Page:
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Order Relation

  1. May 3, 2005 #1
    How do I verify that R={(1,1). (2,2), (3,3) (3,2) (3,1), (2,1)} is an order relation on {1,2,3}.

    So far, I have that an ordered set is a pair (X, <) where X is a set tand where < in a binary relation on X so that the following three properties are fulfilled:

    1. reflexive prop
    2. anti-symmetric prop
    3. transitive prop

    Do I have to prove each property for R?
     
  2. jcsd
  3. May 3, 2005 #2

    HallsofIvy

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    Yes, and the simplest way to check is just go through the pairs.

    Reflexive: Are (1,1), (2,2), (3,3) in the set?

    Anti-symmetric: (2, 1) is in the set. If this relation is anti-symmetric, (1, 2) must not be in the set. Is that true? What other pairs do you have to look at?

    Transitive: I see (3,2) and (2,1) in the set. If this relation is transitive, what pair must be in the set? Is it?
     
  4. May 3, 2005 #3
    Reflexive: (1,1), (2,2), (3,3) are in the set.

    Anti-symmetric: (2, 1) is in the set. If this relation is anti-symmetric, (1, 2) must not be in the set. Yes this is true. So, this property is true.

    Transitive: (3,2) and (2,1) are in the set. If this relation is transitive, then (3,1) must be in the set.

    Follow up:

    Let x,y be in R.

    If y precedes x if and only if y less than or equal to x, the, do I verify that this statement is an order relation like before using the three properties? If I use the three properties, then how can I prove that y precedes x.

    This is how I started off:

    Reflexive Property:
    If x in an element in R, then x < x for all x in R. Therefore, x precedes x.

    Anti-symmetric:
    For all x,y in R if x<y y< x then, x=y, where y precedes x.

    Thank you for your help.
     
    Last edited: May 3, 2005
  5. May 4, 2005 #4

    HallsofIvy

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    I was giving an example! (2,1) is not the only pair you need to check.

    You mean x<= x (or [itex]x\le x[/tex]), of course.
     
  6. May 4, 2005 #5

    honestrosewater

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    I can't really follow what you're saying. You have two order relations here: R and <. And you've defined R to be <. So you really have nothing to prove- just check your definition of < - is it an order relation?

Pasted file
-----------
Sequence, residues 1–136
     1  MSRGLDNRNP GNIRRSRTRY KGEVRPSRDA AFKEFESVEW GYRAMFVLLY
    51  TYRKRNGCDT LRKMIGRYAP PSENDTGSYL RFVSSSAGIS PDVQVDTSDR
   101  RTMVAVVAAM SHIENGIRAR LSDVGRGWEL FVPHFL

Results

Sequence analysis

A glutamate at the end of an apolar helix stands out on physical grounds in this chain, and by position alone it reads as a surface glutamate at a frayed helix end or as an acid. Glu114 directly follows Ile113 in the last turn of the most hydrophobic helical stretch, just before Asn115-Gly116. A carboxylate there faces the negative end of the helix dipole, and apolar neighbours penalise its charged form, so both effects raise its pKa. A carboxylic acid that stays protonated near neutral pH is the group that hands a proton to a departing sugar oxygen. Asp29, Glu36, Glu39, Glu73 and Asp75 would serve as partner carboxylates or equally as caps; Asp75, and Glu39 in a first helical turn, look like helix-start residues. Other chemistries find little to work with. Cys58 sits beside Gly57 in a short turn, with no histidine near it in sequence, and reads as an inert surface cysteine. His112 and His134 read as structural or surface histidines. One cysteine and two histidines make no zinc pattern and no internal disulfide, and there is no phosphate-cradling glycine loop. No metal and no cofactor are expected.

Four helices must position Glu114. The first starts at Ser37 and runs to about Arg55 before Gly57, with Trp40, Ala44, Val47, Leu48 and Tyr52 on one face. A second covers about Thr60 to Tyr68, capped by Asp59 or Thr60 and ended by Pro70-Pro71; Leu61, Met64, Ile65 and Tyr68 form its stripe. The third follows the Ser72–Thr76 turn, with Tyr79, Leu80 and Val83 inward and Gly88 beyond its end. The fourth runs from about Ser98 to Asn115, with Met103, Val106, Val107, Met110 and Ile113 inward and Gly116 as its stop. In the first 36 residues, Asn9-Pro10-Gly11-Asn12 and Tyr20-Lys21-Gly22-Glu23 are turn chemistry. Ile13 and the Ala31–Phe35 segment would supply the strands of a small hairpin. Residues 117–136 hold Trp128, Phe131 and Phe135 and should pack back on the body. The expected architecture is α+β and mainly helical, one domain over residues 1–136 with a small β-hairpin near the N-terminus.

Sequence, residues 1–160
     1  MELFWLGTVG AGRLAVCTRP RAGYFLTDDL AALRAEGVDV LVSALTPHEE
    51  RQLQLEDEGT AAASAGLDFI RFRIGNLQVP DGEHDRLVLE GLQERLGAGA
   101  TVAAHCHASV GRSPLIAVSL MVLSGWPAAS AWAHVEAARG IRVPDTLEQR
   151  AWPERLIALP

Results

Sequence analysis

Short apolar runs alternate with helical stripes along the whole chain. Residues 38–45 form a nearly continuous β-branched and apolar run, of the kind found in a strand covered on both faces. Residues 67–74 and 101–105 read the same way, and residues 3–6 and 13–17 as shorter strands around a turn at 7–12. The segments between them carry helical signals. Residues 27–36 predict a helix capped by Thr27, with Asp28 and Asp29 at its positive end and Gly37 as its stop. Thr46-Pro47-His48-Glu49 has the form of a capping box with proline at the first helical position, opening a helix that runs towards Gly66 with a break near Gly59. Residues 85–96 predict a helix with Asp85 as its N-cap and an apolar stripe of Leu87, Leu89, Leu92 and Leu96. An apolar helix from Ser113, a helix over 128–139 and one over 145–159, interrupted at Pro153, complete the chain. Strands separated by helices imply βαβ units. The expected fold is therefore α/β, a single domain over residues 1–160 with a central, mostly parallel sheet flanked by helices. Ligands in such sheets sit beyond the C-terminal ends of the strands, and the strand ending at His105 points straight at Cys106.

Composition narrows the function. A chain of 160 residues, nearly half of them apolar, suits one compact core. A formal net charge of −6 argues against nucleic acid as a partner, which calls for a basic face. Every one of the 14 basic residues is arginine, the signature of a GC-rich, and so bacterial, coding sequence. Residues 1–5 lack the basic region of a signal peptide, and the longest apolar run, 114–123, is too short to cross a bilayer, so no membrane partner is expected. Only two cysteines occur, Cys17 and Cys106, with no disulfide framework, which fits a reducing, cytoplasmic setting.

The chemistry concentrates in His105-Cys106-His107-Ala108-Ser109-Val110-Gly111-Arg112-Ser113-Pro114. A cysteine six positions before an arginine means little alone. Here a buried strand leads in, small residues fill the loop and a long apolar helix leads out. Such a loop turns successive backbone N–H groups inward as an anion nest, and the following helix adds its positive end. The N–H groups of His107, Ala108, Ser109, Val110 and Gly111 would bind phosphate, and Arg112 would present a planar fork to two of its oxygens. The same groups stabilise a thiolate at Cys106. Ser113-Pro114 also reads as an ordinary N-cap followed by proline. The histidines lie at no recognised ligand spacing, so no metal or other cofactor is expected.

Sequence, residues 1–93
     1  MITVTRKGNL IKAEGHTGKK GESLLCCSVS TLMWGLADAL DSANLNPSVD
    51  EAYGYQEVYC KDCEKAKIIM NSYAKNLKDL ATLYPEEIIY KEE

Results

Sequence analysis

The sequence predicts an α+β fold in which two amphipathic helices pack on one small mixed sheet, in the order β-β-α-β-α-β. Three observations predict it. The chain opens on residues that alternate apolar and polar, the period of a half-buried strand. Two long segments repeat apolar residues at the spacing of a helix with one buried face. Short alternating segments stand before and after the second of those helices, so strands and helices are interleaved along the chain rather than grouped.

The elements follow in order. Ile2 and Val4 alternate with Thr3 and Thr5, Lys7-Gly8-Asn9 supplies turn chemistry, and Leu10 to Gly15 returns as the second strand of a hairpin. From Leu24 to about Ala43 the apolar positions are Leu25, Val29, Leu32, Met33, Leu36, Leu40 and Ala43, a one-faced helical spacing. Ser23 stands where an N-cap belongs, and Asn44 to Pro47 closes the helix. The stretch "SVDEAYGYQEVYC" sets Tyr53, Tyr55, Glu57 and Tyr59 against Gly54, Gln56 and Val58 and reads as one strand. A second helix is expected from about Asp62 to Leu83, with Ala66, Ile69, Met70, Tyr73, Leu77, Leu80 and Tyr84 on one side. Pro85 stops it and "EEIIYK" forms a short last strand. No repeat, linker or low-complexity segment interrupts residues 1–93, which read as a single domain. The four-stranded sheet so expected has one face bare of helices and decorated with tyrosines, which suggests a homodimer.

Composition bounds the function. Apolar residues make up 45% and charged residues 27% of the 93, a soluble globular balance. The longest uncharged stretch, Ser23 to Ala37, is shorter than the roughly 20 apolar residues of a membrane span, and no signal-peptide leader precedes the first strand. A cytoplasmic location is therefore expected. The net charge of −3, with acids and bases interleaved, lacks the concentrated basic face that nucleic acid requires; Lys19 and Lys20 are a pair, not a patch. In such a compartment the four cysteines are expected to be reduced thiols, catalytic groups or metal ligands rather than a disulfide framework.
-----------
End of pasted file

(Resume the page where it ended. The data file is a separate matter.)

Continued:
Did you want to prove something else? You haven't said on what set the relations are defined, but assume they're defined on {1, 2, 3}. Using the usual definition of <, "y precedes x if and only if y less than or equal to x" means "if y precedes x, then y < x" and "if y < x, then y precedes x". So R = {(1, 1), (2, 2), (3, 3), (1, 2), (1, 3), (2, 3)}. Is this what you meant to say?
    I think you only meant "For all x and y in R, if (y, x) is in R, then y < x." That also means if y > x, then (y, x) is not in R. Is that what you wanted?
     
  7. May 4, 2005 #6
    This is actually unrelated to the previous problem. But, I think that I have to go through the three properties of an order relation to prove this.

    The problem:

    Let x,y is an element in R, real number. We define a relation <= (precedes symbol) on R. Verify that <= (precedes symbol) defined by

    x<= (precedes) y if and only if y<= x (less than or equal to)

    Verify that <= (precedes symbol) is an order relation.
     
    Last edited: May 4, 2005
  8. May 4, 2005 #7
    Similarly, (3,2) and (3,1) are also anti-symmetric since (2,3) and (1,3) are not on the set, right?
     
  9. May 5, 2005 #8

    honestrosewater

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    Okay, you said before that y precedes x iff y < x. Let P denote the relation "precedes" and L denote the relation "less than or equal to". So now instead of P = L, you have that (x, y) is in P iff (y, x) is in L. In other words,
    P = {(x, y) : (y, x) is in L and x and y are in R}.
    What else does P equal (what is the relationship between P and L)?
     
  10. May 5, 2005 #9
    Do you mean this relationship?

    P={(x,y): x P y if y L x}

    or do I have to jump into the reflexive property?
     
  11. May 5, 2005 #10

    honestrosewater

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    I mean that P and L are inverses. Remember that binary relations are sets of pairs. You're told that if (x, y) is in L, then (y, x) is in P, and if (y, x) is in P, then (x, y) is in L. In other words, L and P contain the same pairs- just reversed. If (x, x) is in L, then (x, x) is in P. If (x, y) and (y, z) are in L, then (y, x) and (z, y) are in P.
    In order to prove that P is an order relation, you need to know that L is an order relation. Otherwise, you could only prove that if L is an order relation, then P is an order relation. But assume you already know L is an order relation. Then the following holds:
    For all x, y, and z in R
    1) (x, x) is in L.
    2) If (x, y) and (y, x) are in L, then x = y.
    3) If (x, y) and (y, z) are in L, then (x, z) is in L.
    L and P have the same pairs- just reversed, so:
    For all x, y, and z in R
    4) (x, x) is in P.
    Can you see the rest now? To see the rest, highlight:
    5) If (y, x) and (x, y) are in P, then y = x.
    6) If (y, x) and (z, y) are in P, then (z, x) is in P.
    To make it even clearer, (6) can be rewritten as
    7) If (z, y) and (y, x) are in P, then (z, x) is in P.
    So (4), (5), and (7) show that P is an order relation. Notice that P is usually called "greater than or equal to" :)

    Does that make sense?
     
  12. May 5, 2005 #11
    Yes, it makes sense. I got confused with the "precedes" symbol, when in reality it somewhat refers closely to the "less than or equal to" sign. Thank you.
     
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